Underlying the argument is a logic of proportionality. This perhaps makes sense theoretically, to the rational theological mind, but it is hard to find support or justification for it in the New Testament. If anything, it runs counter to the “logic” of the New Testament narrative, which is that God brings about his purposes through what is weak and ineffectual, through the least rather than the greatest.
The logic of the New Testament is one of disproportionality.
Nothing suggests that a sacrifice was needed on the same metaphysical scale as the sin of all humanity. It is not the magnitude of the sacrifice that counts but the magnitude of the grace of God in response to Jesus’ simple human faithfulness unto death.
This is what we find in the classic atonement passage in Romans 3.
God put Christ Jesus forward “as a propitiation by his blood” in order to demonstrate his righteousness or rightness, “because in his divine forbearance he had passed over former sins” (Rom. 3:25-26). Paul shows no interest in superimposing the identity of God on Jesus. The death of the Son at the instigation of the wicked tenants of the vineyard is put forward as an act of propitiation for the sins of Israel, by God, who is prepared to overlook the long history of rebellion and defiance that had brought things to this head. It is by this divine act of “grace as a gift” ( the putting forward and passing over) that both Jews and Gentiles are justified (3:24). It is what God does in response to Jesus’ death that makes a difference, not the death itself as a cosmic metaphysical event.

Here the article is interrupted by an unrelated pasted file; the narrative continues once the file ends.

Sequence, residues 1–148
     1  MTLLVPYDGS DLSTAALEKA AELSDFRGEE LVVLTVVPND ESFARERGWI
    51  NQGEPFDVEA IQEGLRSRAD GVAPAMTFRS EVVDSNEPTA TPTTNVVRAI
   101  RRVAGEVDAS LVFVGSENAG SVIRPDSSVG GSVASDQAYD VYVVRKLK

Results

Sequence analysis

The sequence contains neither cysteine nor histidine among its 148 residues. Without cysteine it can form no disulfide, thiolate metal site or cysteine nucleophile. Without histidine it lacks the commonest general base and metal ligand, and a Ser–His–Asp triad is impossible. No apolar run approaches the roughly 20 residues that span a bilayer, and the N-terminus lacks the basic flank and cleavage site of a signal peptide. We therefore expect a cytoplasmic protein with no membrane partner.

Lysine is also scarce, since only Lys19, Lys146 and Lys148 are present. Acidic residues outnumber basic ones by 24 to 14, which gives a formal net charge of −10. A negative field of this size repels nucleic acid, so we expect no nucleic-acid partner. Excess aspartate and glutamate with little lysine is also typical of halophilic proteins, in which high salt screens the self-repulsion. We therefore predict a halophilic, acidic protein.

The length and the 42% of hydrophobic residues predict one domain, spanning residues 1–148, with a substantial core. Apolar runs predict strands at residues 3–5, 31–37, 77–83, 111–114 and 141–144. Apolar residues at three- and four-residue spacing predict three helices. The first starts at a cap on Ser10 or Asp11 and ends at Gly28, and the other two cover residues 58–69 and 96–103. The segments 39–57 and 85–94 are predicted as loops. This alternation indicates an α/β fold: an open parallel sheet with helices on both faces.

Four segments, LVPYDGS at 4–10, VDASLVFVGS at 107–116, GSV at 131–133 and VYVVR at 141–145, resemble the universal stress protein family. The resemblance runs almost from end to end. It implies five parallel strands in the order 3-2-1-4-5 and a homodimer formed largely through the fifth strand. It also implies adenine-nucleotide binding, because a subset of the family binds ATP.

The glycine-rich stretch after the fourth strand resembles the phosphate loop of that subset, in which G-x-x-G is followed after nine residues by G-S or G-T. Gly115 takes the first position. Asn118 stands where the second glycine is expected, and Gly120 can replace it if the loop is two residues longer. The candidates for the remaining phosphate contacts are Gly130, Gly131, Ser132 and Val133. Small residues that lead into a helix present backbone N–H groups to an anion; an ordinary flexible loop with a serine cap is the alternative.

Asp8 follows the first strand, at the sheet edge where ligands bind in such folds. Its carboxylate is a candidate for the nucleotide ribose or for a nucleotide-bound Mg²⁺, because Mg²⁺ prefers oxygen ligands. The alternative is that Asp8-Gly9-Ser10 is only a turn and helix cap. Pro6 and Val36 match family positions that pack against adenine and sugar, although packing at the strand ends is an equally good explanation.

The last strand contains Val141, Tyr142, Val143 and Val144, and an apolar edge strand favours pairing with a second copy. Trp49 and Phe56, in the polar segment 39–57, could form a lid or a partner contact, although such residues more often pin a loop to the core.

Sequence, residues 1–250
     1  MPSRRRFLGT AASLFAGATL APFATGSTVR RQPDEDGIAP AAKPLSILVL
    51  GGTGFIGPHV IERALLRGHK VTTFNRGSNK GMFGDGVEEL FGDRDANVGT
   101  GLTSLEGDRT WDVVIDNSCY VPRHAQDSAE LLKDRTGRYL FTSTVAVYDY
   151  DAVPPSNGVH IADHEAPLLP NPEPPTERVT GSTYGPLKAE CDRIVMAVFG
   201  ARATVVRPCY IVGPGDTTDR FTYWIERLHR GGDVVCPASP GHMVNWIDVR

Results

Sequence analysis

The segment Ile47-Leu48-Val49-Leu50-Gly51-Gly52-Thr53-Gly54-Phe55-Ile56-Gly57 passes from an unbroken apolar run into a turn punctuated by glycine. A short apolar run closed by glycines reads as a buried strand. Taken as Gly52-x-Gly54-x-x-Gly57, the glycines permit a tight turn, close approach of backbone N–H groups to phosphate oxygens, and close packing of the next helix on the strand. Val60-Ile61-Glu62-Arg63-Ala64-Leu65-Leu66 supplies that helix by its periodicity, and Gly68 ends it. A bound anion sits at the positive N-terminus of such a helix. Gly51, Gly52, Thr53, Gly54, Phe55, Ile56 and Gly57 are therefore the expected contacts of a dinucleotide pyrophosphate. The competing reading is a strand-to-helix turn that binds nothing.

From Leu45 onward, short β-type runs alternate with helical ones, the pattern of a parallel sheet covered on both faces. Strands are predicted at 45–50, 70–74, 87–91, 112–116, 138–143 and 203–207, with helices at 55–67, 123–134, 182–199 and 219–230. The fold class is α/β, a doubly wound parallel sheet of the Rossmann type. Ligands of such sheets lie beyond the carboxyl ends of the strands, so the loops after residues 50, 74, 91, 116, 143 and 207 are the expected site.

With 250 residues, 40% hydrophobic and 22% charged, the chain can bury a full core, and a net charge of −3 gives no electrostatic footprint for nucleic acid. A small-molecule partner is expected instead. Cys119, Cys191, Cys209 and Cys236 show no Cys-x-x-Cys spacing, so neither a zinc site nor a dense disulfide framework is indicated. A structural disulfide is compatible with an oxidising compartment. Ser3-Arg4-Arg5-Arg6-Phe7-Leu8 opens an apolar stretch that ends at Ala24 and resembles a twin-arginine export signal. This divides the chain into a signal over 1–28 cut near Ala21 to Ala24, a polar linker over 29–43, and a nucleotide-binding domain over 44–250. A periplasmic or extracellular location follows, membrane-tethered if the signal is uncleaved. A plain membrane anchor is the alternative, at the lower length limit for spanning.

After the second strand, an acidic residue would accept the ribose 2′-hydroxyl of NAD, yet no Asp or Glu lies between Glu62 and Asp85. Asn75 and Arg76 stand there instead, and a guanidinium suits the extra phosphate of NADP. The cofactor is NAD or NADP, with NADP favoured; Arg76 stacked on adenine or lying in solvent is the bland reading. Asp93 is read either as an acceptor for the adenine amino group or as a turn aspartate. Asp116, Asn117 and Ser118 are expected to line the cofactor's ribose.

The same point can be made from Romans 5. Jesus’ death is of value “for many” not because God himself died on the cross but because many were justified by the abundant grace of God for believing in Jesus even though he had appeared to Israel “in the likeness of sinful flesh” (Rom. 5:15-17 ; 8:3). It is the grace of God, the “free gift”, justifying those who believe, that exceeds the sinfulness introduced by Adam. Jesus’ death is never any more than a human death.